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Calcitonin concentrations in patients with chronic kidney disease on hemodialysis in reference to parathyroidectomy

Abstract

Objective

Calcitonin is considered to be a biomarker of medullary thyroid carcinoma and C-cell hyperplasia, but calcitonin can also be elevated in about 30% of the patients with end-stage kidney disease. We reported preoperative calcitonin serum levels in 31 patients on hemodialysis before parathyroid surgery, evaluate influencing factors on calcitonin levels and determine postoperative calcitonin levels after parathyroid surgery.

Results

Median preoperative serum calcitonin was 8 pg/ml (range 2 to 165 pg/ml), serum calcitonin concentration declined postoperatively to 3 pg/ml (range 1 to 192 pg/ml). There was a strong positive correlation between pre- and postoperative serum calcitonin levels (r = 0.92; p > 0.01). Elevated preoperative serum calcitonin concentrations (more than 10 pg/ml) were found in 14 out of 32 dialysis-dependent patients (44%). Preoperative calcitonin levels of male patients were significantly higher than female patients. Hypercalcitoninemia showed a positive correlation to body mass index (p < 0.01). We found no correlation between preoperative calcitonin levels and patients’ age, duration of hemodialysis dependency, cinacalcet medication or preoperative concentrations of parathyroid hormone, creatinine and calcium. Basal calcitonin levels higher than 10 pg/ml are common in patients on dialysis. Male gender and morbid obesity are risk factors for hypercalcitoninemia. Calcitonin concentration decreases after parathyroid operation.

Introduction

Calcitonin is a 32 amino acid polypeptide hormone secreted in humans primarily by the thyroid C-cells. It protects against the development of hypercalcemia. When levels of calcium in the blood increase, calcitonin is secreted in higher quantities. Further, it is considered to be a biomarker of C-cell disease (medullary thyroid carcinoma (MTC) and C-cell hyperplasia (CCH)) [1]. Calcitonin measurement is strongly recommended for both initial diagnosis and monitoring of patients with residual and recurrent MTC [2]. Assaying calcitonin before routine thyroid or parathyroid surgery may help with early identification of MTC [3]. The normal range of basal calcitonin (bCT) is < 10 pg/ml. It is known that men have twice as many C-cells as women. Gender-specific bCT cut-offs are defined and should be used in the clinical routine. Elevated serum calcitonin values of >  30 pg/ml in female and >  60 pg/ml in male patients make sporadic medullary thyroid cancer (MTC) suspect. In order to obtain better survival of early micrometastasis due to MTC, curative surgery is recommended [1, 4, 5]. Increased calcitonin levels can be observed in other circumstances than MTC and CCH, for instance other endocrine tumors, autoimmune thyroid disease, hypergastrinemia or sepsis [6]. Elevated calcitonin levels have also been reported in patients with end-stage chronic kidney disease (CKD), detected before the uremic phase and in the absence of hypercalcemia. Depending on the data source, 30–46% of CKD patients can be affected [7,8,9].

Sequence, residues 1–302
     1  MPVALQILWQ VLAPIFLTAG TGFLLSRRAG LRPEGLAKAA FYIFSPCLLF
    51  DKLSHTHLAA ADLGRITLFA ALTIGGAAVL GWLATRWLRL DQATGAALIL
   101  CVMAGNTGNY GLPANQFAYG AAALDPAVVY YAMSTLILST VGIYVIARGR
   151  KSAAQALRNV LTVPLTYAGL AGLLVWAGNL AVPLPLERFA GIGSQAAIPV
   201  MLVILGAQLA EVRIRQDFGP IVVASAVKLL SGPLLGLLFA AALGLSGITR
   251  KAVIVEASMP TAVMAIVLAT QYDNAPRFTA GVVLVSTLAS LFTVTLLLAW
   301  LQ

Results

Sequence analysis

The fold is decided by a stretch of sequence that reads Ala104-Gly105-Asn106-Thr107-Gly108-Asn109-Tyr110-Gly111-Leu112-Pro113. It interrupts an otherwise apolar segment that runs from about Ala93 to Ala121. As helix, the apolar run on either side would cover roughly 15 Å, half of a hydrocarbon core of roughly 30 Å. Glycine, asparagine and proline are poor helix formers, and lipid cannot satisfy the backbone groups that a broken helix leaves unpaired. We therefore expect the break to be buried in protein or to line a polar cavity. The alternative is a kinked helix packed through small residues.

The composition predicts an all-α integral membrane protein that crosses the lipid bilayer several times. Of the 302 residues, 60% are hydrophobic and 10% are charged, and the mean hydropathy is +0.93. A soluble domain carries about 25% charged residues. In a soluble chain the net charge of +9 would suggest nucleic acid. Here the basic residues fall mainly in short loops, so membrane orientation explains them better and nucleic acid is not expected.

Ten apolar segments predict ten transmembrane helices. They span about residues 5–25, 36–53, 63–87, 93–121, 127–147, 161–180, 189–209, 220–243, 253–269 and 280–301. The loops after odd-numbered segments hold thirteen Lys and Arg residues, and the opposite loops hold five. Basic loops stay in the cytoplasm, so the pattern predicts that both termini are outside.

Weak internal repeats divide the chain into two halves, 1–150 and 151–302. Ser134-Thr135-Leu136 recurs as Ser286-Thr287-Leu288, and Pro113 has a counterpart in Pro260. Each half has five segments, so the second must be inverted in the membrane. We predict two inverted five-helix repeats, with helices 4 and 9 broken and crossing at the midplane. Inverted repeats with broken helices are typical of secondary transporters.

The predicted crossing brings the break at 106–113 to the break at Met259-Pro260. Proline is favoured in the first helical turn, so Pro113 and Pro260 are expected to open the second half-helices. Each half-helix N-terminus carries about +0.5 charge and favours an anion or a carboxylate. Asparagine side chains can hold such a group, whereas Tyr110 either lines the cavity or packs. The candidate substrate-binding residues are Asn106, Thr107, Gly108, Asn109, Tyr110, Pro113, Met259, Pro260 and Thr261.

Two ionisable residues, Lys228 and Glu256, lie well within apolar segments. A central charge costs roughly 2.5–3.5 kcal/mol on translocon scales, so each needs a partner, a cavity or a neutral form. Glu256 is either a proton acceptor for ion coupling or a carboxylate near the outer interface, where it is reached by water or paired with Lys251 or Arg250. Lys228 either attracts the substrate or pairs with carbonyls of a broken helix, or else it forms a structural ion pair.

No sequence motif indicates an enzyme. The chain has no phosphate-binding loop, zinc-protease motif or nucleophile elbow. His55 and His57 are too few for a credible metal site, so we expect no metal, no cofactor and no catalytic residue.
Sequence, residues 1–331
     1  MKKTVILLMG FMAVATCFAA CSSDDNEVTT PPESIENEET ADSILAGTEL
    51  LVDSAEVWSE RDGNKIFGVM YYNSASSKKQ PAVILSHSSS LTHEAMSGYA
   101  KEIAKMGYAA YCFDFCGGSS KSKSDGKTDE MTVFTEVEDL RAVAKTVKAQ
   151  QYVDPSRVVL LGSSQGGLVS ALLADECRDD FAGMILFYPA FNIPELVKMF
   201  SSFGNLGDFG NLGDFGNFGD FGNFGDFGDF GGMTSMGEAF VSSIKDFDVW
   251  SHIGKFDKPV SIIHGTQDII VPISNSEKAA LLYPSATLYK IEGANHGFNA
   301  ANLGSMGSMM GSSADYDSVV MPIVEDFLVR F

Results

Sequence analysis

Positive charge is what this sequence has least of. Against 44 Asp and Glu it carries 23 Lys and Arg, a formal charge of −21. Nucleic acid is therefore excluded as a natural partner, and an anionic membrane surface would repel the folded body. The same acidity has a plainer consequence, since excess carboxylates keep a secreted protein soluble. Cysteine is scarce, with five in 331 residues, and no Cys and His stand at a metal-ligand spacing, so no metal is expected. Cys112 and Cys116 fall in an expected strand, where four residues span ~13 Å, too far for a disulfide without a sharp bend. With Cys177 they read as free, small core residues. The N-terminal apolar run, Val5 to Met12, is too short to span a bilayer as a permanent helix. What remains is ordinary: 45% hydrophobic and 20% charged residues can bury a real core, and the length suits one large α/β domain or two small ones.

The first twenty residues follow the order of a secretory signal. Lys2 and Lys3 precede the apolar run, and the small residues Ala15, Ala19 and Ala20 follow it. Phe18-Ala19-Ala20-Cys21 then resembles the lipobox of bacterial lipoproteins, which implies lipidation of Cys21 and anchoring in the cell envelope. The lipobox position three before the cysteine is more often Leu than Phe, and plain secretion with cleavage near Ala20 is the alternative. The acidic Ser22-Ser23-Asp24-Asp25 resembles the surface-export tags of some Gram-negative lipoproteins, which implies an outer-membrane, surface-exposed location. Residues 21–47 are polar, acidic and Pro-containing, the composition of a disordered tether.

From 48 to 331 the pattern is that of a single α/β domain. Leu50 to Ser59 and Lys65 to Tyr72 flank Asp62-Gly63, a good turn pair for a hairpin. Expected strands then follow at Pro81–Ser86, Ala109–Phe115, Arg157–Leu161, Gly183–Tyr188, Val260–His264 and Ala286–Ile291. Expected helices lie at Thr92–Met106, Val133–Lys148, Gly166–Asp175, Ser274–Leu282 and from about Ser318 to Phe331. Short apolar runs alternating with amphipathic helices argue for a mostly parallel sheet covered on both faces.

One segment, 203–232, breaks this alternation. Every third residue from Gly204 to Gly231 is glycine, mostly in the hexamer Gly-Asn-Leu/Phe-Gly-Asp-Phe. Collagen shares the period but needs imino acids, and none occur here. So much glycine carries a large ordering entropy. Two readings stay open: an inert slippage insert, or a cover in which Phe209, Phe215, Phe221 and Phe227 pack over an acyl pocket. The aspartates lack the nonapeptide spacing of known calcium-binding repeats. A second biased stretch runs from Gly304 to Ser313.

An uncertainty remains regarding the proper therapeutic strategy among CKD patients with hypercalcitoninemia. Preoperative serum calcitonin levels in patients with secondary hyperparathyroidism are seldom reported and parameters of influence are not investigated. Further, the postoperative course of calcitonin in CKD patients after parathyroidectomy has not been analyzed to date.

We reported preoperative calcitonin serum levels in a patient collective with CKD on hemodialysis before parathyroid surgery. Moreover, we evaluated influencing factors such as cinacalcet medication, gender, body mass index, parathyroid hormone (PTH) levels or length of dialysis. Further, we determined postoperative calcitonin levels after parathyroid surgery.

Main text

Patients

From years 2013 to 2018, 36 CKD patients with secondary hyperparathyroidism were referred to University Hospital Ulm for parathyroidectomy. Inclusion criteria were dialysis-dependent end-stage renal disease and parathyroid resection due to secondary hyperparathyroidism. We performed preoperative screening and postoperative follow-up including measurement of calcitonin, PTH and calcium. Five patients had to be excluded as they passed away in the meantime (3) or received a kidney transplantation (2). Therefore, we included altogether 31 patients in the analysis.

Anthropomorphic data and further patients’ details are listed in Table 1. Serum calcitonin, calcium, creatinine, PTH and patients’ medication history were included in both preoperative and postoperative evaluation. The study was performed with the permission of the independent local ethics committee of the University of Ulm (approval 405/18). An informed consent of all patients was obtained.

Table 1 Anthropomorphic data and further patient details of 31 patients and correlation to preoperative calcitonin level

Preoperative ultrasound examination revealed thyroid and parathyroid gland size as well as suspicious thyroid nodules. No further imaging of the parathyroid glands was routinely prompted. We gained the preoperative blood samples before a dialysis. The day before the operation the last preoperative hemodialysis took place. All surgical interventions were performed by three consultant surgeons, who are specialized in thyroid surgery with a standard collar incision. Intraoperatively, all parathyroid glands could be identified. In 10 out of 31 patients, all parathyroid glands were removed without auto-transplantation. In 21 patients, a subtotal resection was performed by leaving a small portion of a lower parathyroid gland in the neck (n = 10) or re-implantation in the forearm within the brachioradialis muscle (n = 11). PTH levels were measured intraoperatively after removal of parathyroid glands. The resected tissue was histologically verified initially by intraoperative frozen section and subsequently using conventional histological testing. An additional thyroid resection was performed in 13 patients mainly based on evidence of suspicious nodules in the preoperative ultrasound examination. A complete thyroidectomy was performed in 3 patients, a hemithyroidectomy with subtotal resection of the other side in 2 patients. Four patients received a hemithyroidectomy and in another 4 patients we performed a unilateral subtotal resection. In 2 out of 3 patients with complete thyroidectomy, a papillary carcinoma was found. No resected thyroid nodule was suspicious for MTC.